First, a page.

The next general manager will have a tough decision to make. The window of opportunity is closing quickly, and though that executive wouldn't gain any popularity points by trading away Malkin and Letang in the final years of their contracts, the packages those two would net might help the team retool quicker than if they play out their final days in Pittsburgh.
The Penguins don't have a ton of prospects knocking at the door. Their high draft picks could end up being used as currency at the trade deadline. They will need to rebuild at some point, and the question is whether they should try to start the process in a year or two or in five years when Crosby is gone, along with any hope of being competitive.
If rebuilding sooner rather than later is out the door, then the next general manager will have to be a cap whiz. The blue line needs to be remade, and they don't have much in terms of resources or prospects to make that happen. And the next general manager will have to hope Crosby, Malkin and Letang stay healthy and productive into their late 30s.
Based on the way the team is set up, a deep group of forwards is doing the heavy lifting for a thin group of defensemen. There is a big drop-off in talent after Letang, Marino and Marcus Pettersson. Goaltending has been so-so, but they got rid of Matt Murray in the offseason, and that will only benefit them in the end.
According to NaturalStatTrick.com, the Penguins' expected goals-for percentage ranks among the top 10 in the league (12.01, No. 9), and their Corsi for percentage is toward the middle (52.13, No. 13). They're 4-2-1 in the ultra-competitive East Division, so they should be able to get into the playoffs and make a deep run. The embarrassment of their qualifying-round defeat to the Montreal Canadiens in last season's bubble tournament still stings.
So who could they turn to outside of Allvin? There is an obvious candidate on the market who knows the team well: Ray Shero. He helped build the 2008 and 2009 teams around Crosby and Malkin. The owners are familiar with him, and so are the stars.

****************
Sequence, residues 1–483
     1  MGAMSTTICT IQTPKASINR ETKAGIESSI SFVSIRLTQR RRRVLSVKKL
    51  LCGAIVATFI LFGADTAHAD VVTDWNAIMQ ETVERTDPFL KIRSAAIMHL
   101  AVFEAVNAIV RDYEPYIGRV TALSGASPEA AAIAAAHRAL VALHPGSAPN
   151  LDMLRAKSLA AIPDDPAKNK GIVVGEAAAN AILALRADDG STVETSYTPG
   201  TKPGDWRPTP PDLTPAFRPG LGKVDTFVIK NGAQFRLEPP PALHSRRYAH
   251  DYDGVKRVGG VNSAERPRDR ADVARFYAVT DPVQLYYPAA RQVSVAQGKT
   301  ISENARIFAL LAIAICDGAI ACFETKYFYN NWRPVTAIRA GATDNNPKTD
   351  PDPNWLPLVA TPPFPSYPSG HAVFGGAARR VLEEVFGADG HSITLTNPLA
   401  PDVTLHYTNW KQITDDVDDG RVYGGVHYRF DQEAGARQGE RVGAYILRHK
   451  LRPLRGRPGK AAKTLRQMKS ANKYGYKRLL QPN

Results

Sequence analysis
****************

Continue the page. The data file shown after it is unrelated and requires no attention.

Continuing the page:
He's been out of a job for a year, with the Devils firing him and replacing him with Fitzgerald in January 2020. Shero isn't afraid to make some shrewd moves—the June 2016 Taylor Hall-Adam Larsson trade immediately comes to mind.
But a move like that might be viewed as going backward. Morehouse stressed analytics, and while Shero used them, his former bosses, Devils owners Josh Harris and David Blitzer, seemed to want him to use them more. They made analytics hires without his approval.
And in the end, he failed to hang on to Hall. The marriage with the Devils ended in a bitter divorce and another rebuilding year.
Former Arizona Coyotes general manager John Chayka seems to fit the analytics mold, but he's suspended through 2021. If the Penguins wanted to make a splash, they could hire his sister, Meghan, a data scientist who co-founded the sports analytics company Stathletes.
Major League Baseball has its first female general manager in Kim Ng, who was recently hired by the Miami Marlins after working in baseball for more than three decades, so it's past time to give a woman a chance to break through in hockey ops.
However, the Penguins are more likely to go with someone like Jason Botterill, a former associate general manager under Shero who now holds the same position with the Seattle Kraken. Or Mike Gillis, the former general manager of the Vancouver Canucks who, at 62, has plenty of experience and has always been open about his usage of advanced stats. Dale Tallon is out there, too.
It's an attractive job, but a new general manager just might mean the end of a dynasty.